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(Reference retrieved automatically from Web of Science through information on FAPESP grant and its corresponding number as mentioned in the publication by the authors.)

Pregnancy in renal transplant patients: Renal function markers and maternal-fetal outcomes

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Sato Tebet, Jussara Leiko [1] ; Kirsztajn, Gianna Mastroianni [2] ; Facca, Thais Alquezar [1] ; Nishida, Sonia K. [3] ; Pereira, Amelia Rodrigues [3] ; Moreira, Silvia Regina [3] ; Pestana Medina, Jose Osmar [2] ; Sass, Nelson [1]
Total Authors: 8
[1] Univ Fed Sao Paulo, Med Sch, Obstet Dept, Sao Paulo - Brazil
[2] Univ Fed Sao Paulo, Div Nephrol, Sao Paulo - Brazil
[3] Univ Fed Sao Paulo, Dept Biomed Sci, Div Nephrol, Sao Paulo - Brazil
Total Affiliations: 3
Document type: Journal article
Web of Science Citations: 0

Objectives: We aimed to evaluate laboratory markers in women who got pregnant after renal transplantation. Study design: Cross-sectional prospective study. Main outcome measures: Renal function parameters and maternal and fetal data were assessed in renal transplant recipients. Results: Forty-three women who got pregnant after renal transplantation (mean age, 28.5 years; mean gestational age, 35.6 weeks) were included. Most patients (53.5%) received a renal transplant from a deceased donor. Podocyturia was not significantly correlated with other renal function markers. Mean period from transplantation to pregnancy was approximately 5 years; this period was not associated with obstetric complications or changes in renal markers. A gradual increase was observed in the following parameters during pregnancy and puerperium: serum creatinine levels (P < 0.001), proteinuria (P < 0.001), urinary protein/creatinine ratio (P < 0.001), and albumin/creatinine ratio (P < 0.001). The sensitivity and specificity of protein/creatinine ratio in predicting preeclampsia were high (96.0% and 94.0%, respectively). Elevated serum creatinine levels, urinary albumin/creatinine ratio, and retinol-binding protein levels in the third trimester were associated with prematurity (P < 0.001). Preeclampsia was the main cause of renal function decline at the end of pregnancy (65.0% of cases). Approximately four (9.5%) pregnant women presented with premature rupture of membranes and 18 (42.0%) with a urinary tract infection. Conclusions: Proteinuria, urinary protein/creatinine ratio, and retinol-binding protein levels were elevated in patients with preeclampsia. Using these markers to assess renal function during pregnancy may be clinically useful for detecting and monitoring renal injury in renal transplant recipients. (AU)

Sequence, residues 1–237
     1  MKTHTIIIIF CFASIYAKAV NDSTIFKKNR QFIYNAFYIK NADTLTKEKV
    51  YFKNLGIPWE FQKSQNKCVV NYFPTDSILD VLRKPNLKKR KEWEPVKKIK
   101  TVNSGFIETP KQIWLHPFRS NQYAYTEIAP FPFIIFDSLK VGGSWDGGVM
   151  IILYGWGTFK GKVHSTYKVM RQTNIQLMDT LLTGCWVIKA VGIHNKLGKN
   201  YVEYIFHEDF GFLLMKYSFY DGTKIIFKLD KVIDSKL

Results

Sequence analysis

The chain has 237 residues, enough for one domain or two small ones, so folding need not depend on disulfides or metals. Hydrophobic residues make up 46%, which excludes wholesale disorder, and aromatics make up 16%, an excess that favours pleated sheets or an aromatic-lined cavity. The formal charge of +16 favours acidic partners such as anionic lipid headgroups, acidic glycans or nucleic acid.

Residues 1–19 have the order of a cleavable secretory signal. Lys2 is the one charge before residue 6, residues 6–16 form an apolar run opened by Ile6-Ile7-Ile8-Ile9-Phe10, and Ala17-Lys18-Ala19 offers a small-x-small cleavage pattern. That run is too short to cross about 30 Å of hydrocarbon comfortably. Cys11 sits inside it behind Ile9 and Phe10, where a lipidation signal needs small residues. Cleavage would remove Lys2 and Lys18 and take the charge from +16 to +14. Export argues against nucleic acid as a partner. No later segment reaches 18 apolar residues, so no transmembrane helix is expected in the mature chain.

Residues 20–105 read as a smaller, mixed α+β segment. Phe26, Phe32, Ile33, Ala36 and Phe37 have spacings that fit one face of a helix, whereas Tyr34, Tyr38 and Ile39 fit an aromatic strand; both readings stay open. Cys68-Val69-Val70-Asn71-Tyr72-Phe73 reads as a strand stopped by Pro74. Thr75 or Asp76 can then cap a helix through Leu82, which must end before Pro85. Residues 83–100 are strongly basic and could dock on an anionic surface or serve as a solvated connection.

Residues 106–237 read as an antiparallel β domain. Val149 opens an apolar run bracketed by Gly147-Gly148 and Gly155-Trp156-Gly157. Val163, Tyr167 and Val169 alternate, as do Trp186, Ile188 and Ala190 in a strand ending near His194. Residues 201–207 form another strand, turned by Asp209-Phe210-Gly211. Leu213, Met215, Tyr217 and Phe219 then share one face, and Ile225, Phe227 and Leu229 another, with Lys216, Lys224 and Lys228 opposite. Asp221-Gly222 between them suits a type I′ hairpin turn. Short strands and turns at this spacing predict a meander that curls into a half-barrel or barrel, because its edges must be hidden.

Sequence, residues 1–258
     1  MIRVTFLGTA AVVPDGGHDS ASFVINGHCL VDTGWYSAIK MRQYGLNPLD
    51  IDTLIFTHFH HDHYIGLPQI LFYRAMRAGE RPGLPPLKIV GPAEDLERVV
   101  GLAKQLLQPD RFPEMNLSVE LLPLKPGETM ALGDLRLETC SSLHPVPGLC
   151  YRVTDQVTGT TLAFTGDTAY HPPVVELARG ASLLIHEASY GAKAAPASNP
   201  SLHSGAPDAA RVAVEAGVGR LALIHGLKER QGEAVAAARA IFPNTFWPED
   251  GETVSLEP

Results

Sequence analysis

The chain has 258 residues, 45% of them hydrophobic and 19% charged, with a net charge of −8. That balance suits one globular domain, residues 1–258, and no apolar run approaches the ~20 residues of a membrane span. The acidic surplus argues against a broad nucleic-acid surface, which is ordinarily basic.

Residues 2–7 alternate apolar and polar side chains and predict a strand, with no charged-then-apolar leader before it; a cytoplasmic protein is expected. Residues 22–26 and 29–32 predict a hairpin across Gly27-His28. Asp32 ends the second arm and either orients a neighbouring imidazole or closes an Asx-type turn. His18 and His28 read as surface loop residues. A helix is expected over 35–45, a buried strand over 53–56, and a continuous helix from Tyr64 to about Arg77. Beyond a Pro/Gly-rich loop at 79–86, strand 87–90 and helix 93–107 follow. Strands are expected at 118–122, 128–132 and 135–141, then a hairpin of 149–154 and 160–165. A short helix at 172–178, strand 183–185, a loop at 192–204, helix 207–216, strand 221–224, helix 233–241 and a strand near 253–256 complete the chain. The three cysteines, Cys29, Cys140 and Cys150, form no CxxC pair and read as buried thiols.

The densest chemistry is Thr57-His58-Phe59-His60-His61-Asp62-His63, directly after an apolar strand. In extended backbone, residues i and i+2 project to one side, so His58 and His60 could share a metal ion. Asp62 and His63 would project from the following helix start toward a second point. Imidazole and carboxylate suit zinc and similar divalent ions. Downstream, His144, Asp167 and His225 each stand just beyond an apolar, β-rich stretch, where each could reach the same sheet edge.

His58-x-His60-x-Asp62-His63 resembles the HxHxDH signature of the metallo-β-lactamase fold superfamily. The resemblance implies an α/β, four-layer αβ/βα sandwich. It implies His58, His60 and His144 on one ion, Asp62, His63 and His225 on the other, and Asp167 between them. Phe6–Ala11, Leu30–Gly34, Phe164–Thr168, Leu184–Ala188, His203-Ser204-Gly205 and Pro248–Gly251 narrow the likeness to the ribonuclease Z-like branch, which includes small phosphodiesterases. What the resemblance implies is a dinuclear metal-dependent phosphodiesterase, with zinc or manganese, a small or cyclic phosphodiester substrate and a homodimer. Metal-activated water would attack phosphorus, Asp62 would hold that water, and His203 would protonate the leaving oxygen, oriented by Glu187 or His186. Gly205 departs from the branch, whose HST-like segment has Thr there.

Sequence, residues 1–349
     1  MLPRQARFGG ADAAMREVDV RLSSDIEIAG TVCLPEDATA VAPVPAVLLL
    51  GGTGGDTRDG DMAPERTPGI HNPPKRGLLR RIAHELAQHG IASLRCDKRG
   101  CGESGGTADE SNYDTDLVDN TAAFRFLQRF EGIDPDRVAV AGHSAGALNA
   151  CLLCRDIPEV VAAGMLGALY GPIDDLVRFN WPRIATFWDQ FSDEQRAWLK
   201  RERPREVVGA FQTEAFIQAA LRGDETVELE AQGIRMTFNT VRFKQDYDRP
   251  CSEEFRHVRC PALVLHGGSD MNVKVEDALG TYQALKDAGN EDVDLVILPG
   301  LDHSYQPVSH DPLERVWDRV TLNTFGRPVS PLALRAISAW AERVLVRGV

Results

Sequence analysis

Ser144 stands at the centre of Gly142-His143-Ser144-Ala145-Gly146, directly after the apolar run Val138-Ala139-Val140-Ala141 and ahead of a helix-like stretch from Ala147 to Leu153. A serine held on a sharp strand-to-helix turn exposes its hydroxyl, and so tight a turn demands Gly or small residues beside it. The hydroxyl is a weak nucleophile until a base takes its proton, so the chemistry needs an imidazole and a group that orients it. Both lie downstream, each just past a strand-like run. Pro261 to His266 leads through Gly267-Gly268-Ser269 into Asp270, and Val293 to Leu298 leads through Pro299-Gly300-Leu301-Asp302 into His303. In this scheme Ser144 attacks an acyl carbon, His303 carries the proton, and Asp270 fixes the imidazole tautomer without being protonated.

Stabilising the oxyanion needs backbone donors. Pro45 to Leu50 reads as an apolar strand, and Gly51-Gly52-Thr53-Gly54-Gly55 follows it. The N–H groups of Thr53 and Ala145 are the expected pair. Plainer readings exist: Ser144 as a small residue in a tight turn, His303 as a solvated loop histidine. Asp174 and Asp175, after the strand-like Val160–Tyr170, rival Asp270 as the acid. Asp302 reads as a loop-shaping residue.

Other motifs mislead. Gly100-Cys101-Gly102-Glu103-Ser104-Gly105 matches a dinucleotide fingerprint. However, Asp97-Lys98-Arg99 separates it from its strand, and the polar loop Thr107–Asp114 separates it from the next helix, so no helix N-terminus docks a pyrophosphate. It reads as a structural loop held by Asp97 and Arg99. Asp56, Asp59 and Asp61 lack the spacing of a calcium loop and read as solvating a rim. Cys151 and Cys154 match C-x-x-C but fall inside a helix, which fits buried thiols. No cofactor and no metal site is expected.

FAPESP's process: 14/00213-7 - Preeclampsia: future risk of chronic kidney disease and cardiovascular injury
Grantee:Nelson Sass
Support type: Regular Research Grants